Welcome to another in our “Isn’t It Romantic” series! This week, we are down with the street, down with our bad selves, and down with love. No, I do not in fact have any idea what any of that means, but we’re discussing that tribute to the so-called “sex comedies” of the 60’s “Down With Love,” which I’m sure you’ve all seen. . . which I’m sure many of you have seen . . . which I’m sure some of you have seen . . . c’mon, it’s the end of January, how can I possibly be hearing crickets? Well, it stars Rene “You Had Me At Hello” Zellweger and Ewan “Please For the Love Of God Stop Asking Me About Star Wars” McGregor and at least Mike and I have seen it. Some call this a tribute to the Doris Day/Rock Hudson sex comedies like “Pillow Talk.” Some call it a parody of the same. Some call it a schnauzer rolling around in Dijon mustard while declaiming in Aramaic but those people are getting the help and medication they need. What do we call it? Give a listen and find out.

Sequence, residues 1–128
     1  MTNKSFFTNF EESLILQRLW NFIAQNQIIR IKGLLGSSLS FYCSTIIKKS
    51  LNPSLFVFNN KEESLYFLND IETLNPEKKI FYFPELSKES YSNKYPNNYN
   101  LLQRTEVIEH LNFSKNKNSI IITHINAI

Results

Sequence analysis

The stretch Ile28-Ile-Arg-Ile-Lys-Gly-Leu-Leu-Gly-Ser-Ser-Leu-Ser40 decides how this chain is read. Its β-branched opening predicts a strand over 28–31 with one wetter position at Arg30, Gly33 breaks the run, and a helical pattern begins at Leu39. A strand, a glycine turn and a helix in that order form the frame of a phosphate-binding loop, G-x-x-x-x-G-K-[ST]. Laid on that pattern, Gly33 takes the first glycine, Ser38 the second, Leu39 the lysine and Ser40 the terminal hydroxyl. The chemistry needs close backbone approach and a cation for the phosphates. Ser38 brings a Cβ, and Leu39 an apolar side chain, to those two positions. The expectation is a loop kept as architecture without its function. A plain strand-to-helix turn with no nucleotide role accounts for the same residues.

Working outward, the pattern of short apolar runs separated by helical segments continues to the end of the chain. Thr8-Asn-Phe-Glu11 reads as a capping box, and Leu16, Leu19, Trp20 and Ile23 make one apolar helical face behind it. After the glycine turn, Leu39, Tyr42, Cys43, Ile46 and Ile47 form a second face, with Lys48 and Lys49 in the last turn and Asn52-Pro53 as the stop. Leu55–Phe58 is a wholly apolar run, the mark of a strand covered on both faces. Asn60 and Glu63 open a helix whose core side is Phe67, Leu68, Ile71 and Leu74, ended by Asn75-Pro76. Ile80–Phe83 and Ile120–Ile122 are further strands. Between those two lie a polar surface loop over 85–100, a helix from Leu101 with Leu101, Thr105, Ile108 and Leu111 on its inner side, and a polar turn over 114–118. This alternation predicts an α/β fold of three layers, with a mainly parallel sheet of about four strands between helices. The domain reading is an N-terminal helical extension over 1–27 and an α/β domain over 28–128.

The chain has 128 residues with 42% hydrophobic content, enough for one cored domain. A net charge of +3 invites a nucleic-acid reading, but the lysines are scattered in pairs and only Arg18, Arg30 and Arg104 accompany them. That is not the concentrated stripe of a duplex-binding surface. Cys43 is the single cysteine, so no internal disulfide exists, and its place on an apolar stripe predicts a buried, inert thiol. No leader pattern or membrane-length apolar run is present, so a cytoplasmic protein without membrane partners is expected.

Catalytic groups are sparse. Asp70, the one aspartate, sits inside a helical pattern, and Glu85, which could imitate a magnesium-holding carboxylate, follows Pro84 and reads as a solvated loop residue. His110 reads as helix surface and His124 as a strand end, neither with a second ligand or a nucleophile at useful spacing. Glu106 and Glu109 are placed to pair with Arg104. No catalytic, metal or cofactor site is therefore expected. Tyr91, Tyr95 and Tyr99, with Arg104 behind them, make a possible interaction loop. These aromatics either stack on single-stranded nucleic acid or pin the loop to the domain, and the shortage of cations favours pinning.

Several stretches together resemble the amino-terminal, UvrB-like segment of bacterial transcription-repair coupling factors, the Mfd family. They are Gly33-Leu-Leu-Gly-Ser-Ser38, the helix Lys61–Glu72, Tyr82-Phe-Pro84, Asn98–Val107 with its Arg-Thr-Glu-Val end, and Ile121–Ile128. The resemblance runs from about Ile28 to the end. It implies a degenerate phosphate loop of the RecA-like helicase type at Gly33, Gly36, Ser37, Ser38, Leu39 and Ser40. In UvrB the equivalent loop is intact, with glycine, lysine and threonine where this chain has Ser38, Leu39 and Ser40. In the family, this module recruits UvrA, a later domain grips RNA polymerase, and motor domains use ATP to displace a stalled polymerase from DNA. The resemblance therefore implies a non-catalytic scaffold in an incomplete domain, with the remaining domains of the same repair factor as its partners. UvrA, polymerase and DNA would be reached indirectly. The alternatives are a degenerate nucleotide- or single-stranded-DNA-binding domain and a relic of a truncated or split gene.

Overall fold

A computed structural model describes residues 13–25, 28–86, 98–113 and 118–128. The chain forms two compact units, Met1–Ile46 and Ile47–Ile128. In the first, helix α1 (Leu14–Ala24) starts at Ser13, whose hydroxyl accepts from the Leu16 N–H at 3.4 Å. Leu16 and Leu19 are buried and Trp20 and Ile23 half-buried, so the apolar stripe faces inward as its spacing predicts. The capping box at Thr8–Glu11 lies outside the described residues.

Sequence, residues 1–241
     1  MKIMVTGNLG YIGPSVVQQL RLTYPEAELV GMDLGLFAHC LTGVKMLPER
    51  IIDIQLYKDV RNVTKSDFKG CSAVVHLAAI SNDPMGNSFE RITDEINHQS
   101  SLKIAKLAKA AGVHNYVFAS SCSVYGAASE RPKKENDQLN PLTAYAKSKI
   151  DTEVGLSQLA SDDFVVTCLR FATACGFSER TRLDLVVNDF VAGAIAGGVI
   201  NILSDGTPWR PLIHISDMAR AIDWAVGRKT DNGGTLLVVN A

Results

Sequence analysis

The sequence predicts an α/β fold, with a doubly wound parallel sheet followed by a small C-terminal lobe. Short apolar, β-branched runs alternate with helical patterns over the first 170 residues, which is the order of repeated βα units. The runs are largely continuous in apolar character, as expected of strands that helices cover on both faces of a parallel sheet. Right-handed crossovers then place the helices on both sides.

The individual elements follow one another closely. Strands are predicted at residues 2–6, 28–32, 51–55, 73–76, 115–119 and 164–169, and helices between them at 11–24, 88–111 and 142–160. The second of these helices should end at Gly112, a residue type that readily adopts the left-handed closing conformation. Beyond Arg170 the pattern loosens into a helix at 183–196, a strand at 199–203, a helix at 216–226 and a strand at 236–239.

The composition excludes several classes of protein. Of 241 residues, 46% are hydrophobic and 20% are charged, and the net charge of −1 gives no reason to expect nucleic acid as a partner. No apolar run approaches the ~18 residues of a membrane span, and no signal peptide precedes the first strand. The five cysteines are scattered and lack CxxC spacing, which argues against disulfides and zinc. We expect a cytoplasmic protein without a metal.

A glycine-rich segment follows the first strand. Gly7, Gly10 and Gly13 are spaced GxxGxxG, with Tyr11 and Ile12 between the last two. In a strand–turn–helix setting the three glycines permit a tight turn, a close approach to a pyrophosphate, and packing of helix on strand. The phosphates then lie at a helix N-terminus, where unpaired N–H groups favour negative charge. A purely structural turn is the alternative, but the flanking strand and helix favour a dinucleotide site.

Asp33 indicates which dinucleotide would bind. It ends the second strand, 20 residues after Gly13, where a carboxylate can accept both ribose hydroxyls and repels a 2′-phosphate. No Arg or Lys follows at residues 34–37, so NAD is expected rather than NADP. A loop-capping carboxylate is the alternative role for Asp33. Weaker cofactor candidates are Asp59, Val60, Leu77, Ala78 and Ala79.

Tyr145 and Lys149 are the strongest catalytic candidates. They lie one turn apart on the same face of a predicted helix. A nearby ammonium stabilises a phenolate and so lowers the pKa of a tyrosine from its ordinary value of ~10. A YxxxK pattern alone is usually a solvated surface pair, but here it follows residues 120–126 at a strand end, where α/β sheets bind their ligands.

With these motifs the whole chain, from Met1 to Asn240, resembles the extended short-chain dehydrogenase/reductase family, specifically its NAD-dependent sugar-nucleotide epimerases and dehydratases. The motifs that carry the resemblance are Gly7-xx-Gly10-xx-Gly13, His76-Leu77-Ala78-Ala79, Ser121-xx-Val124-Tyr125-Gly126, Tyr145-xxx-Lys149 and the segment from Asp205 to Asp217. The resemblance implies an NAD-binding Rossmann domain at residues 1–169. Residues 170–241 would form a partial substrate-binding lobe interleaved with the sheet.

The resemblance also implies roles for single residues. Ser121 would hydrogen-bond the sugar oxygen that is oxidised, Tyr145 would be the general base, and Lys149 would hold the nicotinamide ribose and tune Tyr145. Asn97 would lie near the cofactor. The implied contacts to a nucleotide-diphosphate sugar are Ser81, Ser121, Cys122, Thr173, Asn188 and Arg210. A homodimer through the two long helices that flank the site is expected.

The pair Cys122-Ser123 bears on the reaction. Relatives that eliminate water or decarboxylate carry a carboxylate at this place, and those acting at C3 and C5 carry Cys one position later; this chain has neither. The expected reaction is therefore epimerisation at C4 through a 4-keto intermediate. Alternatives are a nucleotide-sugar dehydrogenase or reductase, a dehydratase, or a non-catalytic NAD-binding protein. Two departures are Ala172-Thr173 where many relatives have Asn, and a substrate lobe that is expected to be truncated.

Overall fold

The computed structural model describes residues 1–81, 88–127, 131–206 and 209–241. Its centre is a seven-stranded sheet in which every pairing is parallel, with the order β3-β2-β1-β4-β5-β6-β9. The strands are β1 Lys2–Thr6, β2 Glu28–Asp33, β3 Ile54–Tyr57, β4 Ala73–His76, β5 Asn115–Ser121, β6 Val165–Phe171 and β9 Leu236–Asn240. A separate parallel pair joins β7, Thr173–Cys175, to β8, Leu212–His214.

Oh, Meg Ryan, you are truly the Meg-est of the Ryans! So adorable, with your tousled hair and your scrunched up little grin. You’re just SO GREAT, aren’t you? You can just get away with anything, can’t you? Sure, when your character in this week’s “Isn’t It Romantic” fakes an orgasm in the middle of a deli, it’s “adorable” and an “iconic moment of comedy” but when I do the same thing in a supermarket, it’s “public indecency” and “an arrestable offense” and “don’t make me hit you with the taser again, weirdo.” Sheer unfairness. But that’s Meg Ryan all over . . . As you’ve no doubt surmised, we’re talking about “When Harry Met Sally,” one of the most well-known rom-coms of the late eighties, starring Miss Adorable over there and Billy Crystal. Everyone knows the scene I mentioned earlier but how many of you have actually seen the entire movie recently? Does it hold up? It’s been a while. Give a listen and please accept our personal guarantee that neither Mike nor I are faking our opinions in this discussion.